Almost all materials we use in our civilisation are crystals, and the things that make crystals interesting are their defects. One of the most important crystals defects are dislocations, and they are key to understanding how materials deform plastically. In some materials, for examples the tungsten used in fusion reactors, certain types of dislocations can behave in unusual ways, by having low mobility making the materials much more brittle. The explanation of this unusual behaviour probably lies in the detailed atomic arrangement at the core of the dislocation, but a full 3D characterisation of such defects has not before been possible. Here we make use of a novel “optical sectioning” procedure we have developed in our laboratory to determine the structure of dislocations at atomic resolution in 3D using electron microscopy. Using this approach to relate atomic structure to materials properties allows the rational design of alloys to improve the ductility of important structural materials.

This project would suit someone who enjoys challenging experiments but also wants to experience the excitement of seeing atoms in materials. In addition to hands on experiments, the project will involve data processing using scripting in software packages such as Matlab.

Also see homepages: David Armstrong Peter Nellist

Understanding High Temperature Small Scale Mechanical Performance of Materials for Nuclear Fusion
Dr D.E.J. Armstrong, Dr E. Tarleton, Professor A.J. Wilkinson,

Future nuclear power systems, both fission and fusion, rely on the development of materials which can withstand some of the most extreme engineering environments. These include temperatures up to 1500oC, high fluxes of high energy neutrons and effects of gaseous elements produced by transmutation and implantation from the plasmas. Due to efforts to minimise the production of nuclear waste by such reactors the elements which may be used in structural components is limited and in many cases there is a lack of understanding of the basic deformation processes occur in ether pure materials or alloys and importantly how these are affected by temperature, radiation damage and gas content. This project will build upon the expertise in the MFFP and Micromechanics groups on high temperature mechanical testing at the micro and nano-scale. Facilities include two high temperature nanoindenters (-50oC to 950oC), high temperature microhardness (RT to 1500oC) and dedicated FIB-SEM and FEG-SEM with EBSD as well as state of the art computer codes for strain gradient crystal plasticity finite element modelling and discrete dislocation plasticity modelling. Both nanoindentation, micro-compression and micro-bend experiments will be used to study plastic deformation, fracture and creep in a range of novel high temperature materials (likely Fe, SiC or Zr based) with potential for use in future fusion reactors. HR-EBSD and AFM will be used to study deformation structures produced during testing and to inform strain gradient crystal plasticity finite element and discrete dislocation models. This will allow for a fuller understanding of the underlying physics of deformation in these materials both before and after irradiation or gas implantation. Strong links will be made to activities within the Science and Technology of Fusion Energy (EPSRC Centre for Doctoral Training) and the Culham Centre for Fusion Energy.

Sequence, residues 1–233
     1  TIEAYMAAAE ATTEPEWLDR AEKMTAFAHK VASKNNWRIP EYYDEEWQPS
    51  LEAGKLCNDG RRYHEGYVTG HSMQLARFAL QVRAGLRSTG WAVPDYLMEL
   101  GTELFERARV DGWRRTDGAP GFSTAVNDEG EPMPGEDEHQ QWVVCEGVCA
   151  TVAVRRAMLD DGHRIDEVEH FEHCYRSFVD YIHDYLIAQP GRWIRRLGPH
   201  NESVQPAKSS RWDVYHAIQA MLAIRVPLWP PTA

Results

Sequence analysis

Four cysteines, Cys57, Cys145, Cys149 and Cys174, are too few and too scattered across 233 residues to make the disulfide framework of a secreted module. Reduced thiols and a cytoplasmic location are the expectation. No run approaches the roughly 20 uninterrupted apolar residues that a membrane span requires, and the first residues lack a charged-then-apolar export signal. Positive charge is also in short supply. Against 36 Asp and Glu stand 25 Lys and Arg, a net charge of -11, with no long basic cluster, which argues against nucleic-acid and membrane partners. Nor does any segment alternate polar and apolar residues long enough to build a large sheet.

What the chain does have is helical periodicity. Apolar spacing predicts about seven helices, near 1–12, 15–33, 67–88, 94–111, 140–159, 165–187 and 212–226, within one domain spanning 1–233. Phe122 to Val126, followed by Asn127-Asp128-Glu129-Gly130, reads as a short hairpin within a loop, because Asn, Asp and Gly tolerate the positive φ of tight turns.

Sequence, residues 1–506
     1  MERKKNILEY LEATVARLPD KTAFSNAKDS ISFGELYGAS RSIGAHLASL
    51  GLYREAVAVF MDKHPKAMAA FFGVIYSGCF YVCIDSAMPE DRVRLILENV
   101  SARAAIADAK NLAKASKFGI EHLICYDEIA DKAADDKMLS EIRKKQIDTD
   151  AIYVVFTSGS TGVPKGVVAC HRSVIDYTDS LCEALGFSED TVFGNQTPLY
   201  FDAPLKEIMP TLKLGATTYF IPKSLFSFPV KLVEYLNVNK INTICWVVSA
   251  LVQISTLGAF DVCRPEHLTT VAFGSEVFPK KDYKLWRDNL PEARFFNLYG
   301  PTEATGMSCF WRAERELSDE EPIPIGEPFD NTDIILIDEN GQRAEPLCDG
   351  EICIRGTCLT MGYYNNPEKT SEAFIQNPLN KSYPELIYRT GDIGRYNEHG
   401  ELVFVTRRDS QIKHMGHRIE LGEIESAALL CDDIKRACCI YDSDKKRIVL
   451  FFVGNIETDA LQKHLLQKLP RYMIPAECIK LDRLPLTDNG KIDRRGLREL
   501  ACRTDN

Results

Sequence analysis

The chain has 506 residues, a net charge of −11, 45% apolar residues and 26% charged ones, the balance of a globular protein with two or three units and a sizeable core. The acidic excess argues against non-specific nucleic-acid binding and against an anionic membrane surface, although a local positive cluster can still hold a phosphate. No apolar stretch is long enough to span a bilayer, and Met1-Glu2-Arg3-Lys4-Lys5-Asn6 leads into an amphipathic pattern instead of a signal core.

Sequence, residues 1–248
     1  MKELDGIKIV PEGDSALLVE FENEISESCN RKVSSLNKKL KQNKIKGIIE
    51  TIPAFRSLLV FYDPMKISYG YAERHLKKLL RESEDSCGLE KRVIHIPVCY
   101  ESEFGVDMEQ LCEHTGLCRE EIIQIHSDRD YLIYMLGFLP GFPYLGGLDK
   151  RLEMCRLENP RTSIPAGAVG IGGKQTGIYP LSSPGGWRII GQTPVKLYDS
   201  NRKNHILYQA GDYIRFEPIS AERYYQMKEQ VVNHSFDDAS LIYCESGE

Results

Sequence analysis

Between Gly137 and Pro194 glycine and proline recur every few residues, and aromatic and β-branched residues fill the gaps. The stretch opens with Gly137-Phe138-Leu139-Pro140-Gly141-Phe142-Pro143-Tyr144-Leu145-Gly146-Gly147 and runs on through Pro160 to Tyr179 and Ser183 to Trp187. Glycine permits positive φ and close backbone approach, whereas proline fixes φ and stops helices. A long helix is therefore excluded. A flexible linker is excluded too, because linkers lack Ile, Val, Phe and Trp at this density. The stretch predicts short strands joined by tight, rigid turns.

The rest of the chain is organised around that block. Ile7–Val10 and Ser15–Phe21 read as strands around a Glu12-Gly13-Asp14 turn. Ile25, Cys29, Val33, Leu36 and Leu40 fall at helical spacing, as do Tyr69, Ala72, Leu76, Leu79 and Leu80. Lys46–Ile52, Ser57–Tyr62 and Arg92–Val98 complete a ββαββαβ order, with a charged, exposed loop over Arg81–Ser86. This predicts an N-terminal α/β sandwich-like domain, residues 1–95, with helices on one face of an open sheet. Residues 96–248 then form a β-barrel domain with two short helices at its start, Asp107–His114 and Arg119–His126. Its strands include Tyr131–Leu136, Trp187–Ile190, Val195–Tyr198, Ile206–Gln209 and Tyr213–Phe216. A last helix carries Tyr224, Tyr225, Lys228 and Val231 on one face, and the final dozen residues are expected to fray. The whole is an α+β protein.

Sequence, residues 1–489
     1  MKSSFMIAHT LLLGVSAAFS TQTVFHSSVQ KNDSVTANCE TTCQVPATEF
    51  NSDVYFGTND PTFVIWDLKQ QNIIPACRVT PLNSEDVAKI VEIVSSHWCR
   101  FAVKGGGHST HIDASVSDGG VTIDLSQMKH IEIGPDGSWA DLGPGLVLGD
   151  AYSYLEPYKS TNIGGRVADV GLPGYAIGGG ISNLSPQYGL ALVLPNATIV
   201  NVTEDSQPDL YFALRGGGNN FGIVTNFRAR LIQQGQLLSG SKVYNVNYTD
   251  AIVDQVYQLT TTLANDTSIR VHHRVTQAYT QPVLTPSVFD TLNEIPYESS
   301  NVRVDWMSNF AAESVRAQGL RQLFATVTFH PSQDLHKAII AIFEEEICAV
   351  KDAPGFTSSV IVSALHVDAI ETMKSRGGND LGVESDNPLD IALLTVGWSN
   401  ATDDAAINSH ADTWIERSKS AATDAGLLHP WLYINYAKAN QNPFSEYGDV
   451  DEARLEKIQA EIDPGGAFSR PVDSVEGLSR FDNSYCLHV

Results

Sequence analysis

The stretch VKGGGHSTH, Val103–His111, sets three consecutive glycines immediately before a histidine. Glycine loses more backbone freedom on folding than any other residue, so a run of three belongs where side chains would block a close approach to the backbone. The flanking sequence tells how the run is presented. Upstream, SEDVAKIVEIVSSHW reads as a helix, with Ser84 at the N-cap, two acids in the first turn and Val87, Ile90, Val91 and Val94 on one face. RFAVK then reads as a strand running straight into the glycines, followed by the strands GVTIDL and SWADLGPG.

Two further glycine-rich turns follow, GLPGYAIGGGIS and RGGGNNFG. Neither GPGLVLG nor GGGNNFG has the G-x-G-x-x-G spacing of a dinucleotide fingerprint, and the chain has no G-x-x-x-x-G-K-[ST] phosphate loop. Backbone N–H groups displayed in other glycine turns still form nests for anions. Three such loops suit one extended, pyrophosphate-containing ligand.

Also see homepages: David Armstrong Edmund Tarleton Angus Wilkinson

Also see a full listing of New projects available within the Department of Materials.